June 14, 2024
How a runt wolf from Canada became a hero
A new book tells the story of the greatest wolf who ever lived, and the one greater than him.
A new book tells the story of the greatest wolf who ever lived, and the one greater than him.

When the wolves returned to America’s first wilderness park a quarter-century ago, humans began to flock by the hundreds to Yellowstone National Park to see the 31 newcomers from Alberta and British Columbia. Rick McIntyre, the wolf watcher’s wolf watcher, was among the visitors almost daily, sharing his long-distance scope with anyone who requested it—including an excited Ted Turner who politely asked, as Jane Fonda ambled over, if his wife might also have a glimpse—and telling a lifetime of wolf stories.

The reintroduction of an apex predator after 70 years was always going to be a crowd-pleaser. But the ongoing nature of that fascination—the steady stream of visitors, documentaries and books, including McIntyre’s new The Rise of Wolf 8: Witnessing the Triumph of Yellowstone’s Underdog, the first in a planned trilogy on some of the most successful Canadian emigrants ever to the U.S.—is more unexpected. McIntyre, 70, the Massachusetts-born son of a Canadian and a wolf obsessive since he first followed them as a park naturalist in Alaska, has a persuasive explanation.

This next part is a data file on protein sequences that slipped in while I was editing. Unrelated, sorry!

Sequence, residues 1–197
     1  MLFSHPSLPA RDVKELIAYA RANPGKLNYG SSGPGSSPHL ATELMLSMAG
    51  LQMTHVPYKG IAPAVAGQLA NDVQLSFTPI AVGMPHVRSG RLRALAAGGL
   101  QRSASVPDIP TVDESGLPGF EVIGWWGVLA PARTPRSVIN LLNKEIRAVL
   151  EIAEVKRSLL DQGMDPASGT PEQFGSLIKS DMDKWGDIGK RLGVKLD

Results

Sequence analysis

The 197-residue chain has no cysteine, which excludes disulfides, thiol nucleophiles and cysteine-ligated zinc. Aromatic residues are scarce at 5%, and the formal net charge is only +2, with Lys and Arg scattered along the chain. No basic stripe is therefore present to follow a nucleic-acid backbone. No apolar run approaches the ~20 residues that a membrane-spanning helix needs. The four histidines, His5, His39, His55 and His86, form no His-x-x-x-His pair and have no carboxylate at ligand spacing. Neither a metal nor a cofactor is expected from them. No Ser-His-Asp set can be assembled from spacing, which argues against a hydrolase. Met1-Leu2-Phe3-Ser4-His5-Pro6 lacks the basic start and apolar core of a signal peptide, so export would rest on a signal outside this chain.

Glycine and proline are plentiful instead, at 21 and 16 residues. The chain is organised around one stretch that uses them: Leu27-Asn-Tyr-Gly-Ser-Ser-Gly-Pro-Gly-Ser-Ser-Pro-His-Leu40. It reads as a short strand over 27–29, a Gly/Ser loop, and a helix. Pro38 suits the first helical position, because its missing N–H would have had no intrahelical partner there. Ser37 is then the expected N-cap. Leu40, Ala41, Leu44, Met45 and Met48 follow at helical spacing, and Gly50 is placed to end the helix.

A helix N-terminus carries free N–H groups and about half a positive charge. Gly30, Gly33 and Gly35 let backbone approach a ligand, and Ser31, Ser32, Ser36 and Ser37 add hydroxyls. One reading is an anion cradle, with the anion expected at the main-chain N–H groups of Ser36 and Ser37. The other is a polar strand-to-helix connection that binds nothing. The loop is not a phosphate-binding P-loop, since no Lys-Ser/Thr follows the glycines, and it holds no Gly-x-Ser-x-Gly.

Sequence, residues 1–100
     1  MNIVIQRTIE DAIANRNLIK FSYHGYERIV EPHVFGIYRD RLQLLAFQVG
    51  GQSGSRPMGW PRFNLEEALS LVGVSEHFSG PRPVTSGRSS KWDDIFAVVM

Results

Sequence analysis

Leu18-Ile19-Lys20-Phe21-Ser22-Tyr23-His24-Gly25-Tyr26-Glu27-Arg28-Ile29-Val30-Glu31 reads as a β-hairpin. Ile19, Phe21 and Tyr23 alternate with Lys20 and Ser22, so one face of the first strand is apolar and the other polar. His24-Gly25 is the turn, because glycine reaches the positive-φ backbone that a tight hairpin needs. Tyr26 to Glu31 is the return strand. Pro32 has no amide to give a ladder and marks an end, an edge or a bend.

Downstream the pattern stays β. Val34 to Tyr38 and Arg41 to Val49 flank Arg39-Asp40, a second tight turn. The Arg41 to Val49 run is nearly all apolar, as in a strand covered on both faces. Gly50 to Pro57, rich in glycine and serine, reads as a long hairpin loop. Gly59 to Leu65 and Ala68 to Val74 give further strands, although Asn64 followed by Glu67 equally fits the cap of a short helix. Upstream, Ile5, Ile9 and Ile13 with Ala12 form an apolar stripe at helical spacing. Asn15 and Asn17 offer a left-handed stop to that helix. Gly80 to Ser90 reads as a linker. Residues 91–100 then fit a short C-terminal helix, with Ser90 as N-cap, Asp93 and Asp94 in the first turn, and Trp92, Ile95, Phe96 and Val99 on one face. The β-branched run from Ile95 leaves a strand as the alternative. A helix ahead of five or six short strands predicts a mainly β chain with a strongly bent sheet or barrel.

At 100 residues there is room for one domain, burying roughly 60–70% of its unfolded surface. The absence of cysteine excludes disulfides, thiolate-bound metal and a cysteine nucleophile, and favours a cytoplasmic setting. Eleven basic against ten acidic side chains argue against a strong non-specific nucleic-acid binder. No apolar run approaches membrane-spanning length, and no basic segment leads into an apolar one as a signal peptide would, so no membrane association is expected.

“When I first started working at Denali [National Park] in Alaska, I was really taken with the grizzlies.” But after a while, says McIntyre, the majestic bears are, well, boring: “eating berries, eating grass, digging up roots, sleeping, over and over.” The wolves were entirely different. “The way they earn their living as predators is an exciting thing to witness because of their very high failure rate, up to 95 per cent. It’s very difficult for them to make a kill, and they really have to work at it together. But what’s really interesting is that when they are not hunting they spend a lot of time in social activity, interacting and playing every type of game imaginable.” From the viewpoint of a Park Service naturalist charged with explaining wildlife behaviour to visitors, wolves offered far more to work with than grizzlies.